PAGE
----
Rashi commentary is located to the right of Tosafot. Rashi (Rabbi Shlomo Yitzchaki) compiled the first complete commentary on the Talmud. Next to Rashi commentary is Mesoret Hashas (Hebrew, ‘Transmission of the Six Orders’), which is an index compiled by Rabbi Yehoshua Boaz in the 16th century and supplemented by successive scholars. What’s more by Rabbi Yehoshua Boaz – the Torah Or is what gives the sources of biblical verses quoted in the Talmud, Ein Mishpat giving references to Talmudic laws that can be found in early halachic codes: Mishnah Torah, Sefer Mitzvot Gadol, and Arba’ah Turim (Tur), as well as Ner mitzvah, enumerating the laws cited in Ein Mishpat. Found on each page are glosses, or textual emendations, by Akiva Eger (1761-1837), the Vilna Gaon (1720-1797), Joel Sirkes (1561-1640), and Nissim ben Yaakov (990-1062).
Page number, tractate name, chapter number, and chapter name are likewise printed on each page. They are located at the top of a page.
What do Jews learn from the Talmud?
The Talmud is still vastly studied today, in yeshivot, in the synagogue during kollel (advanced study of the Talmud and rabbinic literature) or in between prayers, and at home. The Talmud covers all subject matters integral to Jewish life, such as Shabbat, the Laws of Niddah, the Laws of Yom Tov (festivals of biblical origin), blessings, fasts, and many more.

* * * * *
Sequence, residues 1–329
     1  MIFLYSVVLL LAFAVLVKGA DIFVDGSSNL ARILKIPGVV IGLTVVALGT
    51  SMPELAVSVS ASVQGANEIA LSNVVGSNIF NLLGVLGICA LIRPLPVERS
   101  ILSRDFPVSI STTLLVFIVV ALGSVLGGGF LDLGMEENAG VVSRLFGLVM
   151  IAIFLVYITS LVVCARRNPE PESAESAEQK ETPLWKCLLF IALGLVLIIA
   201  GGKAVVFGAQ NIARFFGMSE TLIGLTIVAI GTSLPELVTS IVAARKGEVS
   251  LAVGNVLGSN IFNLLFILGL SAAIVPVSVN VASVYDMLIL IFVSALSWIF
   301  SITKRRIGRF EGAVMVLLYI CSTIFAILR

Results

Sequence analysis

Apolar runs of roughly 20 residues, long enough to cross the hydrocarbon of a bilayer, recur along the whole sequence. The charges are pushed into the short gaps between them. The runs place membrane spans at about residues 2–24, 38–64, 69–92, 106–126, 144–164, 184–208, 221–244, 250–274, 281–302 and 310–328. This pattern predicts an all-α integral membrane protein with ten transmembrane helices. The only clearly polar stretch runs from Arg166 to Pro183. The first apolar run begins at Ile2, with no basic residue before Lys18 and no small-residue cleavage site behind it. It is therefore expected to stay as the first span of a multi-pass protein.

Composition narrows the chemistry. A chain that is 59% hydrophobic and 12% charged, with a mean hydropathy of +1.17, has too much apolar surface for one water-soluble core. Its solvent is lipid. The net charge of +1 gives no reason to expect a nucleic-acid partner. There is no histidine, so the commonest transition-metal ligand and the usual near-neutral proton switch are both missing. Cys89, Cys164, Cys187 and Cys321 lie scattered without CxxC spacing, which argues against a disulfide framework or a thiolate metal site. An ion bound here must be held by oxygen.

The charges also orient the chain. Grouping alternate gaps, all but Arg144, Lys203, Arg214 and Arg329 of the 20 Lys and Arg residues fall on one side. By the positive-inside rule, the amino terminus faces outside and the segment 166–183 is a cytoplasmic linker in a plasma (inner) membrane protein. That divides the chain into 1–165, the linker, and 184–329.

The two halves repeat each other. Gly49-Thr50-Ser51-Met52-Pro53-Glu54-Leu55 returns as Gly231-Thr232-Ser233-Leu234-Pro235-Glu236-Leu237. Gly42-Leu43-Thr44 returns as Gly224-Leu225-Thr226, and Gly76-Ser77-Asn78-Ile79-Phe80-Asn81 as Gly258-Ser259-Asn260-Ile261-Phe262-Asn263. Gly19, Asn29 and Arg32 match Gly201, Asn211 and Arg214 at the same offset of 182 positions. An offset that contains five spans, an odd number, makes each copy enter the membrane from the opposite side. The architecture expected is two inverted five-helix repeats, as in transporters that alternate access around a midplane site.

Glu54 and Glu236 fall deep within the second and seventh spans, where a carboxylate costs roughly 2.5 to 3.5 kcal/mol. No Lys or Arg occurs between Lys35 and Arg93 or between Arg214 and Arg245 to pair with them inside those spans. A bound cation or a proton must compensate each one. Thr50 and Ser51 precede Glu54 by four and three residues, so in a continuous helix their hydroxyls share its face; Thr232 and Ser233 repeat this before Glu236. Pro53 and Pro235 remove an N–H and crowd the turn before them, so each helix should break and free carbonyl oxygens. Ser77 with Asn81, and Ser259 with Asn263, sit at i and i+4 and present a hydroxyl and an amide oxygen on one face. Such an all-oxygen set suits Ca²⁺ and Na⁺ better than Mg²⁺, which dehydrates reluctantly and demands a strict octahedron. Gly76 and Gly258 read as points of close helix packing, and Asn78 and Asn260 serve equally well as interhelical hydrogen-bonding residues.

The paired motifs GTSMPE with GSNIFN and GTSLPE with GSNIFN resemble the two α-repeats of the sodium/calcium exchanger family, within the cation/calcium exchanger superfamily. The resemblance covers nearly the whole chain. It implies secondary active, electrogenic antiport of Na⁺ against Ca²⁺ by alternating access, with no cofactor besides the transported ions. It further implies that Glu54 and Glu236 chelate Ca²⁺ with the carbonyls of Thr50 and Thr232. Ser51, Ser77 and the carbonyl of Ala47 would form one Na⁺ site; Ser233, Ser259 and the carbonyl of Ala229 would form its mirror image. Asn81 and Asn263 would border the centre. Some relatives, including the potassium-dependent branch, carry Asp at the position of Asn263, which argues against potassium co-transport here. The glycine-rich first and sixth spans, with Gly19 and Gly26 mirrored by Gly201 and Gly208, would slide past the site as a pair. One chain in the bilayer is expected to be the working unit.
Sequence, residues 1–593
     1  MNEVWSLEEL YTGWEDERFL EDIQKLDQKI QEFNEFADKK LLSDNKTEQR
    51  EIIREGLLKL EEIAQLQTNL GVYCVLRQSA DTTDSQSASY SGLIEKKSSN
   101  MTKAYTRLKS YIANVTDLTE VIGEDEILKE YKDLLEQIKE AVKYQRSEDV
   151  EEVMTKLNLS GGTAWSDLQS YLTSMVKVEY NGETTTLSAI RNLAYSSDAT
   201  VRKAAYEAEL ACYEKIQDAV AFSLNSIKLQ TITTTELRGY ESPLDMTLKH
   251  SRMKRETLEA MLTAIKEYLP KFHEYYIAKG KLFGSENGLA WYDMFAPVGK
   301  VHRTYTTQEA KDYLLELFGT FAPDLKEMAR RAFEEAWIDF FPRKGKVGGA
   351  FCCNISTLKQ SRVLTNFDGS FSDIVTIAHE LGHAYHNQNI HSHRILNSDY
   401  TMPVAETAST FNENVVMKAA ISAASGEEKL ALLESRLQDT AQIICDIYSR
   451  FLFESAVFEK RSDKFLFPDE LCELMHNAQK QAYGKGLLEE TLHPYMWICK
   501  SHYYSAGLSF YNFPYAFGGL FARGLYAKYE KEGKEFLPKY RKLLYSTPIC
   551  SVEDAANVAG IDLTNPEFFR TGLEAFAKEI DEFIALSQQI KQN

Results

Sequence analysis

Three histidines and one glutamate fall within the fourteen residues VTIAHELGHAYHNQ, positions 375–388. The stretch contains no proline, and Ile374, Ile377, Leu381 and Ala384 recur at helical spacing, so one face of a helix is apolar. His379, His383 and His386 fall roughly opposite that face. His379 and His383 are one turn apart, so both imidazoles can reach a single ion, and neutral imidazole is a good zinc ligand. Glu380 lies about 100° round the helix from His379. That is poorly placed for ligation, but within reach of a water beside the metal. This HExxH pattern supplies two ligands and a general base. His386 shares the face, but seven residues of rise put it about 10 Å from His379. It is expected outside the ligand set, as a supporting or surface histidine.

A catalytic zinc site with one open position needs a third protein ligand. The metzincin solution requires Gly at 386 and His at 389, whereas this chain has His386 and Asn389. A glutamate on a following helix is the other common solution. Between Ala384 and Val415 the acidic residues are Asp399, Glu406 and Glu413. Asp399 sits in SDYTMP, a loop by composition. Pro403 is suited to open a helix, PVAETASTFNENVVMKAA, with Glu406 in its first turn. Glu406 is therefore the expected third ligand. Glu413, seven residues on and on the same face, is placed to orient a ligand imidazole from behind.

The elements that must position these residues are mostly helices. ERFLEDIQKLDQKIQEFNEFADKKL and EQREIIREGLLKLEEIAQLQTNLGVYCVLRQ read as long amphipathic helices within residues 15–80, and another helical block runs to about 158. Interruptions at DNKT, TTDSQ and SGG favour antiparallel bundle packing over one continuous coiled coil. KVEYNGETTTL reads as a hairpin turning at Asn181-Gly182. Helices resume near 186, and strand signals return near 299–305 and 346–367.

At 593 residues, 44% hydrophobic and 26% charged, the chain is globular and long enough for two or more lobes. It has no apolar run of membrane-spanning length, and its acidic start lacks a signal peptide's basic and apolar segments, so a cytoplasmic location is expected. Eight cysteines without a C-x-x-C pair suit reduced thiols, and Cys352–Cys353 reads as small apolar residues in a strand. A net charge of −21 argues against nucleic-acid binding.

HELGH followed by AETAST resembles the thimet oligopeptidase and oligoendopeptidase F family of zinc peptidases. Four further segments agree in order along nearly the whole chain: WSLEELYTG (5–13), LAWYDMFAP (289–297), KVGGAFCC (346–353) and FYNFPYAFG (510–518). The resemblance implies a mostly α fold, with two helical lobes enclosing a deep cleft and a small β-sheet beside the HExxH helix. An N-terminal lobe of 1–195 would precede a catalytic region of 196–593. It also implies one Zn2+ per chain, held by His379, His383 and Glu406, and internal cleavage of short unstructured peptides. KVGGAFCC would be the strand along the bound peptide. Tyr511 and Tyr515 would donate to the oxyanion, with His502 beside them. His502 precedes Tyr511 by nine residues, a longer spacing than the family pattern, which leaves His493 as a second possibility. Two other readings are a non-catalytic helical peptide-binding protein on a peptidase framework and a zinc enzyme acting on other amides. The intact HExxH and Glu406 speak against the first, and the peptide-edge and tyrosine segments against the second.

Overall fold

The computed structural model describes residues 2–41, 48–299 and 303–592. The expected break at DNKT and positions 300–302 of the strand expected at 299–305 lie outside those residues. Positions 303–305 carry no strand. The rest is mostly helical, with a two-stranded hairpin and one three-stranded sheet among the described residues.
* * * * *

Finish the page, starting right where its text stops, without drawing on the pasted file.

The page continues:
Jews today can find a lot of meaning as well as practical knowledge from the Talmud and commentary. For instance, one could ask, on Shabbat before the meal, should only one male recite Kiddush (sanctification over wine) for everyone, or should each adult male recite it for himself and family. From the Talmud, we can derive the answer, as it states: “If people were sitting in the Beit ha-Midrash [study hall] and light was brought in [at the termination of the Sabbath], Beit Shammai [a school of scholars] say that each should recite the blessing for himself, while Beit Hillel [another school] say that one person should recite the blessing on behalf of everyone” (Proverbs 14-28, Berachot53a). Based upon this, the Vilna Gaon “derives a general precept that when a number of people are to perform a mitzvah [commandment/good deed done from religious duty], it is preferable for one person to recite the blessing for everyone, rather than for each person to recite it separately” (Glosses, Ha-Gra, Orach Chayyim 8:12). In this way the Talmud and the commentaries from, amongst others, the Vilna Gaon can guide the Jewish people in even basic halakha (Jewish law).